YOUNG WORKER SAFETY AND HEALTH
Current NIOSH Intramural Research on Young Workers
NIOSH has played a lead role in efforts to reduce injuries and illnesses among young workers, with an emphasis on workers less than 18 years of age and the agricultural sector. NIOSH has conducted and supported surveillance, risk factor, and intervention evaluation research. NIOSH has disseminated research findings and worked with others in collaborative outreach.
Agricultural Injury Surveillance
One of the efforts of this project is to conduct surveillance of childhood agricultural injuries and to assess the impact of the NIOSH Childhood Agricultural Injury Prevention Initiative over time. Major outputs from this surveillance project include NIOSH documents, journal articles, databases, technical papers, press releases, and presentations. These outputs have been and will continue to be used by the NIOSH Childhood Agricultural Injury Prevention Initiative to: formulate baseline measures for childhood agricultural injuries, monitor nonfatal and fatal injury patterns, assess farm hazards and exposures, prioritize research and intervention programs, and evaluate intervention efforts. Intermediate outcomes that have resulted from this project include the use of outputs by extramural researchers to support their childhood agricultural injury intervention programs, estimate the number of youth working on farms and using tractors on farms, and track changes in youth farm injury rates over time.
Project Contact: Kitty Hendricks
Division of Safety Research
Child Agricultural Injury Prevention
The purpose of this project is to implement the NIOSH Childhood Agricultural Injury Prevention Initiative (CAIP) by implementing recommendations from the 2001 Childhood Agricultural Injury Prevention Summit and the 1996 National Action Plan. Through this Initiative, NIOSH will: (1) assume a leadership role in federal efforts to prevent childhood agricultural injuries; (2) develop a grant/cooperative agreement program needed to identify and implement effective prevention strategies (three cooperative agreements and 31 grants have been funded to-date); and (3) establish a National Childhood Center to assist in disseminating promising research findings and translating these findings into plain and easy to understand language for practitioners and farm families. The goal of the NIOSH CAIP Initiative is to increase effective childhood agricultural injury prevention strategies and expand federal cooperation in this area to reduce childhood agricultural injuries.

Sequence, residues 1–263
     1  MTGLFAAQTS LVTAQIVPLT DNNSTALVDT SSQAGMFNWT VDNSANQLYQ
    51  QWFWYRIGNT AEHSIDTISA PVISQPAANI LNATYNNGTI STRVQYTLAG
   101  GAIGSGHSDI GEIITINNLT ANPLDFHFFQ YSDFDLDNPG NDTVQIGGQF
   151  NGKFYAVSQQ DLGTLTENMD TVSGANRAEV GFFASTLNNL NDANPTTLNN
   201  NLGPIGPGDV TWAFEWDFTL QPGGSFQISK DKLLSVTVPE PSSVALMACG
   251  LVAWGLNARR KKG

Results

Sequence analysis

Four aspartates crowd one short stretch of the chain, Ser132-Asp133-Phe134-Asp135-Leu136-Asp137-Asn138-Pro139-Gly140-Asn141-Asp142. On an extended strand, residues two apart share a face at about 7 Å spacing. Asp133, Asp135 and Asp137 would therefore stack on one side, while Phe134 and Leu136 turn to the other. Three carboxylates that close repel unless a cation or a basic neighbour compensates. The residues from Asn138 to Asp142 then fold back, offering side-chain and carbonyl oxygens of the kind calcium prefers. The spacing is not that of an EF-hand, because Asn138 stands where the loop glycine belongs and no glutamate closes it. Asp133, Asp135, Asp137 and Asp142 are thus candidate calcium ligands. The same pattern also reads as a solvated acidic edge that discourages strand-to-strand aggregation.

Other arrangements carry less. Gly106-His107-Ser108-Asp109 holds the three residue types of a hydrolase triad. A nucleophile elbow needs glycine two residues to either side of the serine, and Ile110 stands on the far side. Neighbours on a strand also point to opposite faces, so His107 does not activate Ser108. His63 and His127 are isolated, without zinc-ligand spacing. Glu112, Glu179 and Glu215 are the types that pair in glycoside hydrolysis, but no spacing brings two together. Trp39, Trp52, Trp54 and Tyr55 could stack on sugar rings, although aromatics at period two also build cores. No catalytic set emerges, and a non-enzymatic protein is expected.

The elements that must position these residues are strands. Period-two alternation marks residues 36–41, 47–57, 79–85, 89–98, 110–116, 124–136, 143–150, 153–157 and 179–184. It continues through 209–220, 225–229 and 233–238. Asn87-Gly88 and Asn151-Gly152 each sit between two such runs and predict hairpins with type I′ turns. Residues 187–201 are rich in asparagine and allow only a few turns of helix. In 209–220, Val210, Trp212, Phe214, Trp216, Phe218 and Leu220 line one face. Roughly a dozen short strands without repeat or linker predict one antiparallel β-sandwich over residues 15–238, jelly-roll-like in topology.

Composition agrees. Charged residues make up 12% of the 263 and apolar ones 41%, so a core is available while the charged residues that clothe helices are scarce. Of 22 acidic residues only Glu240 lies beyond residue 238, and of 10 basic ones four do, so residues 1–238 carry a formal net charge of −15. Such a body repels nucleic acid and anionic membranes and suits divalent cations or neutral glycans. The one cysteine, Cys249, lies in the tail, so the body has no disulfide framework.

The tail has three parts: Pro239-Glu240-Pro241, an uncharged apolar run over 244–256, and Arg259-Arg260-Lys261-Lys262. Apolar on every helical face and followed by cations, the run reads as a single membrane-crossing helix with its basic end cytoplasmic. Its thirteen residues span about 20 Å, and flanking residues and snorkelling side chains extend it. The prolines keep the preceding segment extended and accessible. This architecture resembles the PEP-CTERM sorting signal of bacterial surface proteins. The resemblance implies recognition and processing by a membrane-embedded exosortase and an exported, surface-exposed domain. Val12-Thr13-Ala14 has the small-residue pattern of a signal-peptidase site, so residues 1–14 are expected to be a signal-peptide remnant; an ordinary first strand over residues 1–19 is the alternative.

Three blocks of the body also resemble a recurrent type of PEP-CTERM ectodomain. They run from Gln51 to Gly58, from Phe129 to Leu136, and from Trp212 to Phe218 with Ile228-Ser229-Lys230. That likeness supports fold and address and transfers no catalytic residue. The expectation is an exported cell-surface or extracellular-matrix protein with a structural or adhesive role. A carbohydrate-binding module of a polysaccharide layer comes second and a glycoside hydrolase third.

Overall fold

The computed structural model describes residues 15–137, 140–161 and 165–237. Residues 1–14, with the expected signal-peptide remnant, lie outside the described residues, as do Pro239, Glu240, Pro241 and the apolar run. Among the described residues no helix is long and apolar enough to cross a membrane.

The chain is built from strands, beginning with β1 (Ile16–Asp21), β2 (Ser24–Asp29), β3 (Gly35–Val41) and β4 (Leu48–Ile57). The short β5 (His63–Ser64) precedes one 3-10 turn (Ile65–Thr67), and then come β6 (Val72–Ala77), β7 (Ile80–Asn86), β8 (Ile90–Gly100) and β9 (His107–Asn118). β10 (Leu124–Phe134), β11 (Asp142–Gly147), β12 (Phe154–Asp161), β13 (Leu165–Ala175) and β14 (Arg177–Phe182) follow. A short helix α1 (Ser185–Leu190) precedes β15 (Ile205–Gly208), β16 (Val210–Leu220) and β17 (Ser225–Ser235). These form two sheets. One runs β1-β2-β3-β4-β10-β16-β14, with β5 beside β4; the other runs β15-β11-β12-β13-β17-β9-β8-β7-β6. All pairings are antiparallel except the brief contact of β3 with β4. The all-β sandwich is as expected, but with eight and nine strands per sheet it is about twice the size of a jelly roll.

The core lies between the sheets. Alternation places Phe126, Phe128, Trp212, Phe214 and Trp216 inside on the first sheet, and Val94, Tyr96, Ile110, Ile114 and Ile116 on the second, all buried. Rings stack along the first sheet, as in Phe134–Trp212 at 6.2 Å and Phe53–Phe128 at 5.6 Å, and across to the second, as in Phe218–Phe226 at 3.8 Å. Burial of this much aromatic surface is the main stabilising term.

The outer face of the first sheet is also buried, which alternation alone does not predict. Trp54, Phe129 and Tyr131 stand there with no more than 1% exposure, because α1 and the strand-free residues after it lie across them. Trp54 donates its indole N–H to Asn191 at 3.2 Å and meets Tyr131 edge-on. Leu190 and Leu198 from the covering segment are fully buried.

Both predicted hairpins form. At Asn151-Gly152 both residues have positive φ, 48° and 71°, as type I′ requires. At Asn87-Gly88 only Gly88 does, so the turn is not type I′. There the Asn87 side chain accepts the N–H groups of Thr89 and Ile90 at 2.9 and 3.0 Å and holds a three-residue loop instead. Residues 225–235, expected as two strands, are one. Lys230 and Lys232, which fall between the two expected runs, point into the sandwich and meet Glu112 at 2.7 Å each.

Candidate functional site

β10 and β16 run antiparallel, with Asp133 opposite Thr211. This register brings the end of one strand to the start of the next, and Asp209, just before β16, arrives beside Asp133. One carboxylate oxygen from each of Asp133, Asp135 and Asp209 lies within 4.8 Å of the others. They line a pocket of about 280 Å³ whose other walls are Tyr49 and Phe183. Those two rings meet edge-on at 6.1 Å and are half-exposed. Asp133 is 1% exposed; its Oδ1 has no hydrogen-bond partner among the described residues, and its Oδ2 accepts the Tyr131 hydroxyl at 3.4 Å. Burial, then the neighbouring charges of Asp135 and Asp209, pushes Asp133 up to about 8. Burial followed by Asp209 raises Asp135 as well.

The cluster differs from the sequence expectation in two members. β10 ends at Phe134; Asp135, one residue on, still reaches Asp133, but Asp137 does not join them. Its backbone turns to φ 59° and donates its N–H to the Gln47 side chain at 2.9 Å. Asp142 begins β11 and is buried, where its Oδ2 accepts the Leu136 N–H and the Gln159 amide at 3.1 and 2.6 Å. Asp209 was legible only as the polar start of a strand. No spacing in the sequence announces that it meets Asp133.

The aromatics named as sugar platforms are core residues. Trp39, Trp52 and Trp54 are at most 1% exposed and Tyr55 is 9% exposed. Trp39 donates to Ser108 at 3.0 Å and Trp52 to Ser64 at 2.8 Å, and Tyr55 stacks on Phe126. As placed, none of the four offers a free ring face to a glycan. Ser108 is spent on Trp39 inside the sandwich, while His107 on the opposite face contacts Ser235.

Project Contact: David Hard
Division of Safety Research
Dissemination and Integration of OSH to Young Workers
The goal of this project is to maintain, improve, and promote “Talking Safety,” the NIOSH curriculum for young workers. The major output each year is the updated curriculum, which is customized for each of the 50 states to reflect both federal and state child labor laws. Additional outputs include conference presentations, training workshops, and articles in trade and teacher magazines. The desired outcome of this effort is adoption of the curriculum by high schools so that the skills inherent in the curriculum are taught as life skills needed for youth to become productive, safe workers.
Project Contact: Rebecca Guerin
Education and Information Division
National Children’s Center for Rural Agricultural Health and Safety
The National Children’s Center for Rural and Agricultural Health and Safety strives to enhance the safety and health of all children exposed to hazards associated with agricultural work and rural environments, through national leadership, development of guidelines where empirical evidence does not exist or regulations do not apply, through formal and informal partnerships with relevant stakeholder groups, and via outreach communications to the agricultural community. NCCRAHS interacts with all regional NIOSH Agricultural Centers and leads efforts to coordinate activities of childhood agricultural safety advocates across the U.S.
Project Contact: Steve Dearwent
Office of Extramural Programs
- Page last reviewed: June 19, 2014
- Page last updated: September 29, 2015
- Content source:
- National Institute for Occupational Safety and Health Division of Safety Research